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Said Rajab Said

"I do art in your heart."

Originally from Bagamoyo but born and raised in Dar es salaam, Said is the first born of five children. Being the eldest and the first boy, he always felt like he was under a microscope to ensure he fulfilled his responsibilities to lead and set a good example for his younger siblings. Initially, Said had wanted to become a footballer because he loved sports so much. However, he was a gifted little boy and thanks to his uncle Abbas Ausay (an artist), his footballer ambitions transformed to artistic aspirations.

Inspired by Raza Mohamed, Said’s art journey started with sketching during primary school. After completing his secondary education, he attended the Nyumba ya Sanaa (House of Art) in Zanzibar for further art training where he fine-tuned his technique, enhancing his talents even more. Art was something Said was good at and he considered it mostly as a hobby because it gave him great pleasure. Said only became a serious painter during the year of 2005 and his first exhibition was in 2007.

Said enjoys playing and experimenting with watercolors, poster colors, oil colors, acrylic colors and ink. He taught himself palette knife painting. Said is proud of his heritage and takes great delight in being an African. He loves the Swahili culture. Therefore, he uses his work to identify with African and Swahili tradition. At present, Said focuses on painting and signwriting. He also does portraits capturing moments of people conducting their daily activities, especially the Swahili Women in their colorful Khanga fabrics.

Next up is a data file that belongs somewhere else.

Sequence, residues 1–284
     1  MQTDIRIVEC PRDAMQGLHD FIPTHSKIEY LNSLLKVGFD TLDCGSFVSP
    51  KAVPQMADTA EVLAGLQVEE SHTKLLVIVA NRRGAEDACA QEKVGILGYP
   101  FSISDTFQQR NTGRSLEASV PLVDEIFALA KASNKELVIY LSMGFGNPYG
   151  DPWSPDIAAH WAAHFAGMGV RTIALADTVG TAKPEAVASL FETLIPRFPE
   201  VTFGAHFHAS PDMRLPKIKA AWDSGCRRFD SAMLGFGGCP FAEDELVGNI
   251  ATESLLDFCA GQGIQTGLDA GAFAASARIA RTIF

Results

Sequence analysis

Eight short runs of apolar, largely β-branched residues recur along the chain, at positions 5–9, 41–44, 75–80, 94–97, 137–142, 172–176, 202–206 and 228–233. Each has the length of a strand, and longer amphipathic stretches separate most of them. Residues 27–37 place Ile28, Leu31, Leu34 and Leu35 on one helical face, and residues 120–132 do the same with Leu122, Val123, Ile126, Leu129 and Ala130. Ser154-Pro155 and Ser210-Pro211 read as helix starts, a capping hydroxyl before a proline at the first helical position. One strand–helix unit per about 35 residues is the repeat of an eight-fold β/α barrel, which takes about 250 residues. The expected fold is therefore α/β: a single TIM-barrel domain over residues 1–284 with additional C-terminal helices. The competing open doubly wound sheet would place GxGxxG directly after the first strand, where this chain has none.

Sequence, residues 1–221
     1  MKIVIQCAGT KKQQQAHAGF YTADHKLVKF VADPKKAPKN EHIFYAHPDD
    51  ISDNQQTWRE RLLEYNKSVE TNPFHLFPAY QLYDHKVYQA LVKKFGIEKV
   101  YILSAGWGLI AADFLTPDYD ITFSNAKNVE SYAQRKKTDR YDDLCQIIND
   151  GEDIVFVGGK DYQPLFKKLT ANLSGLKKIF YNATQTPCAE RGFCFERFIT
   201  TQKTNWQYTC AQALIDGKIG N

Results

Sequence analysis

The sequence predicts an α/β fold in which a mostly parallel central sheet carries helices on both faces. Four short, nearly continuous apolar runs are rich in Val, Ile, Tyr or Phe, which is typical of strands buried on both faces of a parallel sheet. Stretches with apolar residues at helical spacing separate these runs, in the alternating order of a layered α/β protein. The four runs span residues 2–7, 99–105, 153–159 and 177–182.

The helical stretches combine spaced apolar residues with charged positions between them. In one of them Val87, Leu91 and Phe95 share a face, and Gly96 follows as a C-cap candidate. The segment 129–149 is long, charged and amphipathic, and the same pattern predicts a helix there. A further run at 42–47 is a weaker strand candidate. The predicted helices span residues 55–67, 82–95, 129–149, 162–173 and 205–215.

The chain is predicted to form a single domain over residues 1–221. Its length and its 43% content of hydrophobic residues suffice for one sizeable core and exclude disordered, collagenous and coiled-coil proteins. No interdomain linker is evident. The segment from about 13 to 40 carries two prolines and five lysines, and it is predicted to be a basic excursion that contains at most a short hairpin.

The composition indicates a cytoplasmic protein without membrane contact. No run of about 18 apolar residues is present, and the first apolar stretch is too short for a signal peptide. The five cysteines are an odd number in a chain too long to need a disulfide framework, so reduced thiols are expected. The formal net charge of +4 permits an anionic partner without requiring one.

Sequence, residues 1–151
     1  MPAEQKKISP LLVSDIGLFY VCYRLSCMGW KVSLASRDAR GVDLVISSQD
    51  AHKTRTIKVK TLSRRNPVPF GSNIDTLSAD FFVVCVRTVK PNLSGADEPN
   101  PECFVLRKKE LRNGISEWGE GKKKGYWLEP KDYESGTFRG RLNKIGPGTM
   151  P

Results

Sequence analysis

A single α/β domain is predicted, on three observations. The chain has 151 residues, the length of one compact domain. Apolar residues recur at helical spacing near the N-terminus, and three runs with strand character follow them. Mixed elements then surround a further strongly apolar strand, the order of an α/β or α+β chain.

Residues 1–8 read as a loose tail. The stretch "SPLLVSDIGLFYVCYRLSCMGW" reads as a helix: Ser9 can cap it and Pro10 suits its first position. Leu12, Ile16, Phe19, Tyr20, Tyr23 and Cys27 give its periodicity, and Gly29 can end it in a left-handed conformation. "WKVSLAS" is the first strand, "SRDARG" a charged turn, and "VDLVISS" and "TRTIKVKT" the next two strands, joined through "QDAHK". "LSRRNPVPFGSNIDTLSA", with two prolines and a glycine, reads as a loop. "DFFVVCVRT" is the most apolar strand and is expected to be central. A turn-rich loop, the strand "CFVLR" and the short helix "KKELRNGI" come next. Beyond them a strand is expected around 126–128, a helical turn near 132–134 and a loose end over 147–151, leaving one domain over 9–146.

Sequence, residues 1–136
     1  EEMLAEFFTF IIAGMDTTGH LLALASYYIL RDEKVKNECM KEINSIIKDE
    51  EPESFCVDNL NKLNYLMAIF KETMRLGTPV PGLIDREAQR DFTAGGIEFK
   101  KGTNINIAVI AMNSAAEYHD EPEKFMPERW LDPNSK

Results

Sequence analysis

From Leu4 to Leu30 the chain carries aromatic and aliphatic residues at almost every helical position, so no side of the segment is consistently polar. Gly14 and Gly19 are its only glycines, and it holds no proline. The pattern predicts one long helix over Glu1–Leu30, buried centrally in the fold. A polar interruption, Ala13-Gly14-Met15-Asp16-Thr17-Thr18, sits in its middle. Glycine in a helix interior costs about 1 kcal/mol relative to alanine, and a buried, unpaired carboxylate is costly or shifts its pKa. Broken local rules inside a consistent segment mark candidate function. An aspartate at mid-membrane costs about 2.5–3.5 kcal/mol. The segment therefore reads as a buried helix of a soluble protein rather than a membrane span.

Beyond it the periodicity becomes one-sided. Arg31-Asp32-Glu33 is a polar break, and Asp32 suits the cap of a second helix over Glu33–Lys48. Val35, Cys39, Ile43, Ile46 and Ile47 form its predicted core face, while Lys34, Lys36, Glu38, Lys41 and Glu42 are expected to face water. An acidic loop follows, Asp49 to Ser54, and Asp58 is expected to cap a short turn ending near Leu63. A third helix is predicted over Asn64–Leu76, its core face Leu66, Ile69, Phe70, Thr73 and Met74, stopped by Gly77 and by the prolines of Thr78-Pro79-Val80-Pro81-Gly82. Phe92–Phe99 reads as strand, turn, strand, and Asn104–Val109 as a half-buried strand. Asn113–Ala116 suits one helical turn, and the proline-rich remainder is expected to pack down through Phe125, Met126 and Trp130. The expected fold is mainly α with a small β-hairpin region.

Nothing gives him more pleasure than spending time with his family.

Critique from the Gallery

Said Ray’s work greatly focuses on capturing ordinary acts of domestic life in Tanzanian households, which unequivocally results to a good majority of his subjects often being women, who traditionally perform said domestic chores/duties and rituals such as swaddling a baby, carrying baskets, churning grains and beating drums. But what sets him aside from his contemporaries is his visceral use of color and brushwork, which conveys a very warm and wholesome perspective of african domestic life through his color scheme that's brimming with warm hues and pastels largely dominating the canvas. Ray’s use of color resembles fauvistic sensibility that coincides well with the frenetic brushwork that has become his signature style, that subsequently invokes a sense of kineticism within the composition and overall makes for a rather dazzling series of work.

Selected Works


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